In Question 4, reactants are Ca(OH)2 and HNO3, both reactant states are aqueous (aq), the problem is which of the reactants should be written first, the way out of this is to provide both answers (variables, Ca(OH)2 and HNO3) in both blacks, as it is very unlikely for examinee to write acid or base in both cells, Figure 4. The subscript limitation is also a problem in this type of questions.

v. Classification of chemical reactions

Several general types of chemical reactions can occur based on what happens when going from reactants to products. 9 Combustion reactions can easily be identified by the presence of O2 on the reactant side, CO2 and H2O on the product side, Question 5a.

The variables that can be provided for Question 5b by the examiner are combination, synthesis or addition. A more active element displaces another less active element in a compound hence the answers provided by the examiner to Question 5c could be replacement, single replacement, displacement or substitution (reactions), Figure 5.

3. Limitations

• Inability of the examinee to write subscripts for the number of atoms in the chemical formulas.

• The cells cannot be left without variables even if the coefficient in the equation is 1.

• Lack of control on the size of the cells.

Associate Content

Pdf file for the sample questions is available on the internet. Step by step on how to create Fill in Multiple Blank Questions can be found in reference 5.

Acknowledgments

Facilities provided by Jubail Industrial College of Royal Commission for Jubail and Yanbu are gratefully acknowledged. The author is grateful to Dr. Yunusa Umar and Mr. Rizan Abdul Rahid for their help during preparation of the manuscript.

References

[1]  Parker, L. L, Loudon G. M, Case Study Using Online Homework in Undergraduate Organic Chemistry: Results and Students Attitudes. J. Chem. Educ. 2013, 90, 37-44.
In article      View Article
 
[2]  Jack F. E, Junelyn P, Online Homework Put to the Test: A Report on the Impact of two Online Learning Systems on Student Performance in General Chemistry: J. Chem. Educ. 2013, 90, 1137-1143.
In article      View Article
 
[3]  Timothy, P. O, Grainne, C. H, Using Structural-Based Organic Chemistry Online Tutorials with Automated Correction for Practice and Review: J. Chem. Educ. 2014, 91, 1851-1854.
In article      View Article
 
[4]  Miran Z, Igor B, Dragutin K; Using Online assessments to Stimulate Learning Strategies and Achievement of Learning Goals, Computers & education, 2015, 91 32-45.
In article      View Article
 
[5]  https://en-us.help.blackboard.com/Learn/Instructor/Tests_Pools_Surveys/040_Question_Types/Fill_in_Multiple_Blanks_Questions (accessed March 2017).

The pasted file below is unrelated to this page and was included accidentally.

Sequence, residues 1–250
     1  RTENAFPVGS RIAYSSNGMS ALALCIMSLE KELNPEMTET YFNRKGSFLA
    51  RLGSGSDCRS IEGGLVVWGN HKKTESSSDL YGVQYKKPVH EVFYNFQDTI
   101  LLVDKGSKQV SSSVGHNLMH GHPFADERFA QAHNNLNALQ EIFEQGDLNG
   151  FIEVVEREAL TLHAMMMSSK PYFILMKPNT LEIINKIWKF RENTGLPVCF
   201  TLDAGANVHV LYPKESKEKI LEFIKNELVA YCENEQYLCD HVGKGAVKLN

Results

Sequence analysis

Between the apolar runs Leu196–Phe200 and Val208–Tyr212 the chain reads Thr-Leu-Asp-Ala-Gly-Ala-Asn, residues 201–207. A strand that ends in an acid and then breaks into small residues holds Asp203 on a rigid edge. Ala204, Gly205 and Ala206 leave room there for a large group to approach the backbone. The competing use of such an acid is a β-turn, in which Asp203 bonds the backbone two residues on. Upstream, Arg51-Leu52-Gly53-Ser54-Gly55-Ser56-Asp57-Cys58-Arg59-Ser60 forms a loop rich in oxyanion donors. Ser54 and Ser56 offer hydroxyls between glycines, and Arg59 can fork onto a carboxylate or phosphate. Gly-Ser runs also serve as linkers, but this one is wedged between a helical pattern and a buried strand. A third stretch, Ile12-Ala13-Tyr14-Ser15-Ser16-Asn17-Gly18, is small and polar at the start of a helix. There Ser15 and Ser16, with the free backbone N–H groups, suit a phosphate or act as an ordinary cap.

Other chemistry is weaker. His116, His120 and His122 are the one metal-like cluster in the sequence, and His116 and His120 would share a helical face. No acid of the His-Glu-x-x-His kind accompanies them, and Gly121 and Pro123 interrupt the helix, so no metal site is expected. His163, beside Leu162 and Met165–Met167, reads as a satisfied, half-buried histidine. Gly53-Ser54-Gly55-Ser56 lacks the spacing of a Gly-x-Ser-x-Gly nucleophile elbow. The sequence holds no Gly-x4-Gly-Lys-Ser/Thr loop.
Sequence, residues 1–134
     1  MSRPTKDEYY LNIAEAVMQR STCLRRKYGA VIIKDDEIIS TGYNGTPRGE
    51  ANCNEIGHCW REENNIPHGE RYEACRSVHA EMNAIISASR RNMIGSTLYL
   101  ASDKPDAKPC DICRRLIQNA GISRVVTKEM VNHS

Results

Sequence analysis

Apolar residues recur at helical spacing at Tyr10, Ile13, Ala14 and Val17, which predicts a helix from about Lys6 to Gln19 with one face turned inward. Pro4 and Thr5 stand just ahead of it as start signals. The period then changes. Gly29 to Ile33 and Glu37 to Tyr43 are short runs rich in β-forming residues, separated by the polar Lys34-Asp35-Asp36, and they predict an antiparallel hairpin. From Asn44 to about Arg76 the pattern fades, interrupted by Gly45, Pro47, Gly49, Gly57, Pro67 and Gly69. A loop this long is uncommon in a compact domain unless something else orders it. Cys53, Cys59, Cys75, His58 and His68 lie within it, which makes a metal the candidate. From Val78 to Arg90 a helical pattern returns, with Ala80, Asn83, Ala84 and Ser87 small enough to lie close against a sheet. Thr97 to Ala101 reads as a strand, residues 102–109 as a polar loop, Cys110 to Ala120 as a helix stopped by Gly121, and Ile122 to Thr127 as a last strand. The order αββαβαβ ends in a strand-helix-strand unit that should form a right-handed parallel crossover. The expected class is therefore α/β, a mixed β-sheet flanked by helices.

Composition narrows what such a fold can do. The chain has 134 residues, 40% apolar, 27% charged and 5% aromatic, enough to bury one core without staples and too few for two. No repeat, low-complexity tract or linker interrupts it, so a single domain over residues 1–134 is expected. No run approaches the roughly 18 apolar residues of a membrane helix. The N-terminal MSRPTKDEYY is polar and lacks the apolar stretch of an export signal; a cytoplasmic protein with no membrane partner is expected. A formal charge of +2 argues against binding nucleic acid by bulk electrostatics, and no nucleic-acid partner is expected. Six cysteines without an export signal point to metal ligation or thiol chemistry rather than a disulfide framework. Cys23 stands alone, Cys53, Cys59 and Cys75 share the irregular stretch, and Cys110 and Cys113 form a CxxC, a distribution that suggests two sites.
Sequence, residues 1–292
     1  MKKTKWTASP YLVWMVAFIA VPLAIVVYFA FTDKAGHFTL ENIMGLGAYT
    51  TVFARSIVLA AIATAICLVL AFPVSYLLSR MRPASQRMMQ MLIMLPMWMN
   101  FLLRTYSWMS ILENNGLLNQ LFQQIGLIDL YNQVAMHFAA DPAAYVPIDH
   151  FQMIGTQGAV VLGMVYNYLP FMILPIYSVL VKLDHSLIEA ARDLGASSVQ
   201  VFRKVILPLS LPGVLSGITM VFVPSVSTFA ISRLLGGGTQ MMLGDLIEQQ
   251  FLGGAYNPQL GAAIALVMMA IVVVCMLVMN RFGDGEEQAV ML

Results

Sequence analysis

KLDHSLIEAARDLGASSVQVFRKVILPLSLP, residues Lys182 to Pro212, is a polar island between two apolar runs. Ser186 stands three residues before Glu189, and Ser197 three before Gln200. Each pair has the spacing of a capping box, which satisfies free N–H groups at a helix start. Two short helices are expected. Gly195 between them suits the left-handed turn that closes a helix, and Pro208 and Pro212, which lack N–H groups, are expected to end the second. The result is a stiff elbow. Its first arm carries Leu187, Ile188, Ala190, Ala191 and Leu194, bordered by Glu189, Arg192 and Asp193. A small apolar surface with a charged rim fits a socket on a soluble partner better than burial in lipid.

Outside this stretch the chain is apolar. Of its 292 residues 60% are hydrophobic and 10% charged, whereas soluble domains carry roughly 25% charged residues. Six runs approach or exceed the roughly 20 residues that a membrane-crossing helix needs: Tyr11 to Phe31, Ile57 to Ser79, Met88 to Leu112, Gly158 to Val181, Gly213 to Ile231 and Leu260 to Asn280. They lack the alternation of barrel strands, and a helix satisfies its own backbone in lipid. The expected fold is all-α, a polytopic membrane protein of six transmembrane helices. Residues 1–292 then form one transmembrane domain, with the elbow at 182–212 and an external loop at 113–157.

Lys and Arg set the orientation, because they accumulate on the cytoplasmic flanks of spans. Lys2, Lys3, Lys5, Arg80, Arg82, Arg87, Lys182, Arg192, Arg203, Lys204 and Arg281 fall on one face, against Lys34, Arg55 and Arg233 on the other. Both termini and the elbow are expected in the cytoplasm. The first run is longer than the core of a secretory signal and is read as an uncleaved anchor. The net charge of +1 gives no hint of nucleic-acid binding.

In article      View Article
 
[6]  James N. S; George M. B; Lyman H. R Chemistry: Structure and Dynamics, John Wiley and sons. Inc, pg. 53.
In article      
 
[7]  Doris K, Chemical Principles Revisited, The Chemical Equation Part I: Simple Reaction: J. Chem. Educ. 1978, 3, 184-189.
In article      
 
[8]  Raymond C. Chemistry, Mc Graw Hill, 5th edition, pg. 48.
In article      
 
[9]  John T. M; Chemistry for Dummies, Wiley Publishing, Inc. 2nd edition, pg. 114.
In article      
 

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Cite this article:

Normal Style
Jimoh Tijani. Auto-Graded Chemical Equation Problems in Online Blackboard Assessments. World Journal of Chemical Education. Vol. 5, No. 3, 2017, pp 91-93. http://pubs.sciepub.com/wjce/5/3/2
MLA Style
Tijani, Jimoh. "Auto-Graded Chemical Equation Problems in Online Blackboard Assessments." World Journal of Chemical Education 5.3 (2017): 91-93.
APA Style
Tijani, J. (2017). Auto-Graded Chemical Equation Problems in Online Blackboard Assessments. World Journal of Chemical Education, 5(3), 91-93.
Chicago Style
Tijani, Jimoh. "Auto-Graded Chemical Equation Problems in Online Blackboard Assessments." World Journal of Chemical Education 5, no. 3 (2017): 91-93.
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[1]  Parker, L. L, Loudon G. M, Case Study Using Online Homework in Undergraduate Organic Chemistry: Results and Students Attitudes. J. Chem. Educ. 2013, 90, 37-44.
In article      View Article
 
[2]  Jack F. E, Junelyn P, Online Homework Put to the Test: A Report on the Impact of two Online Learning Systems on Student Performance in General Chemistry: J. Chem. Educ. 2013, 90, 1137-1143.
In article      View Article
 
[3]  Timothy, P. O, Grainne, C. H, Using Structural-Based Organic Chemistry Online Tutorials with Automated Correction for Practice and Review: J. Chem. Educ. 2014, 91, 1851-1854.
In article      View Article
 
[4]  Miran Z, Igor B, Dragutin K; Using Online assessments to Stimulate Learning Strategies and Achievement of Learning Goals, Computers & education, 2015, 91 32-45.
In article      View Article
 
[5]  https://en-us.help.blackboard.com/Learn/Instructor/Tests_Pools_Surveys/040_Question_Types/Fill_in_Multiple_Blanks_Questions (accessed March 2017).
In article      View Article
 
[6]  James N. S; George M. B; Lyman H. R Chemistry: Structure and Dynamics, John Wiley and sons. Inc, pg. 53.
In article      
 
[7]  Doris K, Chemical Principles Revisited, The Chemical Equation Part I: Simple Reaction: J. Chem. Educ. 1978, 3, 184-189.
In article      
 
[8]  Raymond C. Chemistry, Mc Graw Hill, 5th edition, pg. 48.
In article      
 
[9]  John T. M; Chemistry for Dummies, Wiley Publishing, Inc. 2nd edition, pg. 114.
In article